We invite postgraduate research proposals in a number of disease areas that impact significantly on patient care. We focus on exploring the mechanisms of disease, understanding the ways disease impacts patients’ lives, utilising new diagnostic and therapeutic techniques and developing new treatments.
As a student you will be registered with a University research institute, for many this is the Institute for Cellular Medicine (ICM). You will be supported in your studies through a structured programme of supervision and training via our Faculty of Medical Sciences Graduate School.
We undertake the following areas of research and offer MPhil, PhD and MD supervision in:
Newcastle hosts one of the most comprehensive organ transplant programmes in the world. This clinical expertise has developed in parallel with the applied immunobiology and transplantation research group. We are investigating aspects of the immunology of autoimmune diseases and cancer therapy, in addition to transplant rejection. We have themes to understand the interplay of the inflammatory and anti-inflammatory responses by a variety of pathways, and how these can be manipulated for therapeutic purposes. Further research theme focusses on primary immunodeficiency diseases.
There is strong emphasis on the integration of clinical investigation with basic science. Our research include:
We also research the effects of UVR on the skin including mitochondrial DNA damage as a UV biomarker.
This area emphasises on translational research, linking clinical- and laboratory-based science. Key research include:
Focus is on applied research and aims to underpin future clinical applications. Technology-oriented and demand-driven research is conducted which relates directly to health priority areas such as:
This research is sustained through extensive internal and external collaborations with leading UK and European academic and industrial groups, and has the ultimate goal of deploying next-generation diagnostic and therapeutic systems in the hospital and health-care environment.
There is a number of research programmes into the genetics, immunology and physiology of kidney disease and kidney transplantation. We maintain close links between basic scientists and clinicians with many translational programmes of work, from the laboratory to first-in-man and phase III clinical trials. Specific areas:
We have particular interests in:
Novel non-invasive methodologies using magnetic resonance are developed and applied to clinical research. Our research falls into two categories:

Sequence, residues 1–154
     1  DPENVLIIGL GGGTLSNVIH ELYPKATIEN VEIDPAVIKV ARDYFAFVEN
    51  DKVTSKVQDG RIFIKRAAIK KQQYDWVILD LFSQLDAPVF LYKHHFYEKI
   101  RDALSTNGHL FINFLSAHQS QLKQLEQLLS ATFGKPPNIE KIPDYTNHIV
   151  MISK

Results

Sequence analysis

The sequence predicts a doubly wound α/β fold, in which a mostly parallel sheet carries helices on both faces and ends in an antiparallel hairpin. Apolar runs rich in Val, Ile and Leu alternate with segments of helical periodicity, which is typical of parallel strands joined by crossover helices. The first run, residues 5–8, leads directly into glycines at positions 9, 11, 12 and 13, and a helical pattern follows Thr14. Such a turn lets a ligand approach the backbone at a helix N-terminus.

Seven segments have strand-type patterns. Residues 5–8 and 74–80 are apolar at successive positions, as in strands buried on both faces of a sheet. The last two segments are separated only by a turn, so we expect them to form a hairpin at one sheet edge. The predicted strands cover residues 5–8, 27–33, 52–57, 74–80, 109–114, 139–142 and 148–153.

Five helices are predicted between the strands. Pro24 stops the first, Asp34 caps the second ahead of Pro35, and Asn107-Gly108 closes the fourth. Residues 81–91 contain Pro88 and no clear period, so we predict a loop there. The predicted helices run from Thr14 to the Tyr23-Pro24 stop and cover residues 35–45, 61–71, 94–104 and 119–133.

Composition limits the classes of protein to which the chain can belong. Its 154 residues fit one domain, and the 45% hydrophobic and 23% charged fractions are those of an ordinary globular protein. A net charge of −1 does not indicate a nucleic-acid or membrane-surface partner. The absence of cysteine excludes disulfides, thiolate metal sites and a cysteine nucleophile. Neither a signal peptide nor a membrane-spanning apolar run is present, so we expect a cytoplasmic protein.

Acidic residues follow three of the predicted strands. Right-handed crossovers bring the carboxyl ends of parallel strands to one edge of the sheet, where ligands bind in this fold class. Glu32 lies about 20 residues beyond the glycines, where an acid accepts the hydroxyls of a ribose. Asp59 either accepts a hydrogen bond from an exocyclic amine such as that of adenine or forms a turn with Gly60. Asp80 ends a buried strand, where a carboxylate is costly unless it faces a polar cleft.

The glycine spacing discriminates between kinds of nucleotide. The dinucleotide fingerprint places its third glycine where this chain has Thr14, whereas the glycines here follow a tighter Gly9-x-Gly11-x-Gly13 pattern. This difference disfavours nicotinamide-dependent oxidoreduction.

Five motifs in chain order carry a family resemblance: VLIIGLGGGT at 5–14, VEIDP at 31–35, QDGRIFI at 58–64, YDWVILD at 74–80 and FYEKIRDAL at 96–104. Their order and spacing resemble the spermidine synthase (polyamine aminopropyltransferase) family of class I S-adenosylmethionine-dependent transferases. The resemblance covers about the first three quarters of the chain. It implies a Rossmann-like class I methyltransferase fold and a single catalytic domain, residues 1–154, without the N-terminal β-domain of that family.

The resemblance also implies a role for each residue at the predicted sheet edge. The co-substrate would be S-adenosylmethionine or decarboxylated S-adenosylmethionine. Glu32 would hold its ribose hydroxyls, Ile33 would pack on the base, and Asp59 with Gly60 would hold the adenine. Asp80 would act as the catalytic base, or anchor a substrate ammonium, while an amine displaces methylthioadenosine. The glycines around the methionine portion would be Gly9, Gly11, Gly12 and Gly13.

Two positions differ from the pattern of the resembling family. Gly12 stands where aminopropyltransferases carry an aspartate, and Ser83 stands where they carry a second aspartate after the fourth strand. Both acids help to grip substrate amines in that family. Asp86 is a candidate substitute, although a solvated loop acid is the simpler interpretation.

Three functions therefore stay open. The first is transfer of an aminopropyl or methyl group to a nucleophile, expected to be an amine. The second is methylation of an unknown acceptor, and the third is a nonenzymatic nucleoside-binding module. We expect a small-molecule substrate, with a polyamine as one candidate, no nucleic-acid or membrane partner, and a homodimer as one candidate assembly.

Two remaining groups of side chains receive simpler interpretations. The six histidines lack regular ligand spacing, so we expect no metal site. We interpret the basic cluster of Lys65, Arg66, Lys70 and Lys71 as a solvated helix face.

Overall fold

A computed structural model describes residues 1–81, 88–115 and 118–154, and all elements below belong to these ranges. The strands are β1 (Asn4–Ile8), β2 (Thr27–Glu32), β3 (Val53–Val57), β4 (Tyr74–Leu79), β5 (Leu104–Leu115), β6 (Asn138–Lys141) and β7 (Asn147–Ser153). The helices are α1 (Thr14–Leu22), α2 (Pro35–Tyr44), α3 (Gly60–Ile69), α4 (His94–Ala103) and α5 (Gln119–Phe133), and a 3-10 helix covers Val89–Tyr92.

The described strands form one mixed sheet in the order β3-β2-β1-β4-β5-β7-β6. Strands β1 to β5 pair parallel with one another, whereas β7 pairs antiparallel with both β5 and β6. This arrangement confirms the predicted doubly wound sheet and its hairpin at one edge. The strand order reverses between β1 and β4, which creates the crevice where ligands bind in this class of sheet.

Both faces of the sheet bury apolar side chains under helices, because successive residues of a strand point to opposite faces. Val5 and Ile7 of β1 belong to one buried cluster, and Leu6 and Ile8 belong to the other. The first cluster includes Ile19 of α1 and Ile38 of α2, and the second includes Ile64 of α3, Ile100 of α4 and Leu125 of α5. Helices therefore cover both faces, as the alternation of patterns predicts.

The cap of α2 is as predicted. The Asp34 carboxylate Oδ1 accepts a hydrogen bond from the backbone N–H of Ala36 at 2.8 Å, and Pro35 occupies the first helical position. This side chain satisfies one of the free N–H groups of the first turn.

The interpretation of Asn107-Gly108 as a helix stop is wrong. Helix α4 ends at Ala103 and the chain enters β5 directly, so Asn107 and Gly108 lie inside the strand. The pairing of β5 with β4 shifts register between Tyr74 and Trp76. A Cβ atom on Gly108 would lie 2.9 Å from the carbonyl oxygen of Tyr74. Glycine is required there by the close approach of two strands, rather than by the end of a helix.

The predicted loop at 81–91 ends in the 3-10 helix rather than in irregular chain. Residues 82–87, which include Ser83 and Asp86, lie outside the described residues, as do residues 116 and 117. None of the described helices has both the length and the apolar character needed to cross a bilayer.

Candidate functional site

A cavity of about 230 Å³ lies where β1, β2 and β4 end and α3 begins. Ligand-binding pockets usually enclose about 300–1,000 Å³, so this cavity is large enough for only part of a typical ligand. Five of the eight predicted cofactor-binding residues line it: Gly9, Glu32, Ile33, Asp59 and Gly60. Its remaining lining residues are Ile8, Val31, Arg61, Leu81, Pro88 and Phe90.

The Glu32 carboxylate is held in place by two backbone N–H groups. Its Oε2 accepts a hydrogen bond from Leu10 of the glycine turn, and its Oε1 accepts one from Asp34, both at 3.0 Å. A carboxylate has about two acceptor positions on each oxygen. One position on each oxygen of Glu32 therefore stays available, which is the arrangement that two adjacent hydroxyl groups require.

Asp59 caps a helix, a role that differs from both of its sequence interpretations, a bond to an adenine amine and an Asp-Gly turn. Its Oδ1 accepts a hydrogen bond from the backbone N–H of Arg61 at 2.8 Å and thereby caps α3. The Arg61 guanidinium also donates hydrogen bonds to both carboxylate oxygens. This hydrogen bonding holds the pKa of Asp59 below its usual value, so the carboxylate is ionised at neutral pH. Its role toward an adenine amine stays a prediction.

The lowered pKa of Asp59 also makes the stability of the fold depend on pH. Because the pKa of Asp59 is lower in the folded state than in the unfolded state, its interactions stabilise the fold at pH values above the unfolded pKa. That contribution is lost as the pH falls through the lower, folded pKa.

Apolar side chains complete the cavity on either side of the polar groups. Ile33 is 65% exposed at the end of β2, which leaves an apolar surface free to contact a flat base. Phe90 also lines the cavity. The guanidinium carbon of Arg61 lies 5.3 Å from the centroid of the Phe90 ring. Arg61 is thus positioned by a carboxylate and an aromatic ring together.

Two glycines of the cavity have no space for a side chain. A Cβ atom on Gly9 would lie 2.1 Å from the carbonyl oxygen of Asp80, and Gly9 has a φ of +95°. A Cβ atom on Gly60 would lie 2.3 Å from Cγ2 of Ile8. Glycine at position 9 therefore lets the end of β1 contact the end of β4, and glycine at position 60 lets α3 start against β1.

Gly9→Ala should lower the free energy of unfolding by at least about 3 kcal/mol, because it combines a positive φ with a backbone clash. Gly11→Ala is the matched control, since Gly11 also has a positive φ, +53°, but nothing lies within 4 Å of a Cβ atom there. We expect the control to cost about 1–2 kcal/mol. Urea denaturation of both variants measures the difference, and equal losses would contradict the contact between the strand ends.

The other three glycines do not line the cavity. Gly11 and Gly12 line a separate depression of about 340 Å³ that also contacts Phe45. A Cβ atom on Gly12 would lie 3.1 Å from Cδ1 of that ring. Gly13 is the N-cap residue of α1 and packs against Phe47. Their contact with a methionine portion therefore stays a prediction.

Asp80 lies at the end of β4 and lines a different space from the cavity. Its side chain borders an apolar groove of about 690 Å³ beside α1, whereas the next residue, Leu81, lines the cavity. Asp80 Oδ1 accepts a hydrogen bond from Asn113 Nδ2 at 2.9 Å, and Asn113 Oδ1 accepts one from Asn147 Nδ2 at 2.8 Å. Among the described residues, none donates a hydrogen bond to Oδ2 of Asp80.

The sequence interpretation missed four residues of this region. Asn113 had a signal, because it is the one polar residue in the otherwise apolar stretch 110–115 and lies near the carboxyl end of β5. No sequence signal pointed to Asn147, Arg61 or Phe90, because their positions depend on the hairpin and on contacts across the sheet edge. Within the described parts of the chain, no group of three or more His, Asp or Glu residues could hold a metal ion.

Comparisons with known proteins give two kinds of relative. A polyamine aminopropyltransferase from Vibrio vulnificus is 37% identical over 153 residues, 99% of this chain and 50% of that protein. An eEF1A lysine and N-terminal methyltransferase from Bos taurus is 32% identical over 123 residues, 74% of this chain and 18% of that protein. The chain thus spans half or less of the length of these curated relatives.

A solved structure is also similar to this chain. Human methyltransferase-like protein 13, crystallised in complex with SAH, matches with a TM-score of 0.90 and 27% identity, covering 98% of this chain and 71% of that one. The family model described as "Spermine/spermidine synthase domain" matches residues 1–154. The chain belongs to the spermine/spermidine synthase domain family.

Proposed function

Our studies cover a broad range of topics (including diabetes, dementia, neuroscience, hepatology, cardiovascular, neuromuscular disease, metabolism, and respiratory research projects), but have a common theme of MR technical development and its application to clinical research.
We focus on connective tissue diseases in three, overlapping research programmes. These programmes aim to understand:
This research theme links with other local, national and international centres of excellence and has close integration of basic and clinical researchers and hosts the only immunotherapy centre in the UK.
Genetic approaches to the individualisation of drug therapy, including anticoagulants and anti-cancer drugs, and in the genetics of diverse non-Mendelian diseases, from diabetes to periodontal disease, are a focus. A wide range of knowledge and experience in both genetics and clinical sciences is utilised, with access to high-throughput genotyping platforms.
Our scientists and clinicians use in situ cellular technologies and large-scale gene expression profiling to study the normal and pathophysiological remodelling of vascular and uteroplacental tissues. Novel approaches to cellular interactions have been developed using a unique human tissue resource. Our research themes include:
We also have preclinical molecular biology projects in breast cancer research.
We conduct a broad range of research activities into acute and chronic lung diseases. As well as scientific studies into disease mechanisms, there is particular interest in translational medicine approaches to lung disease, studying human lung tissue and cells to explore potential for new treatments. Our current areas of research include:
Our research projects are concerned with the harmful effects of chemicals, including prescribed drugs, and finding ways to prevent and minimise these effects. We are attempting to measure the effects of fairly small amounts of chemicals, to provide ways of giving early warning of the start of harmful effects. We also study the adverse side-effects of medicines, including how conditions such as liver disease and heart disease can develop in people taking medicines for completely different medical conditions. Our current interests include: environmental chemicals and organophosphate pesticides, warfarin, psychiatric drugs and anti-cancer drugs.
Our new School of Pharmacy has scientists and clinicians working together on all aspects of pharmaceutical sciences and clinical pharmacy.
The department of Surgery is headed by Professor O James Garden and has an international profile in surgical research.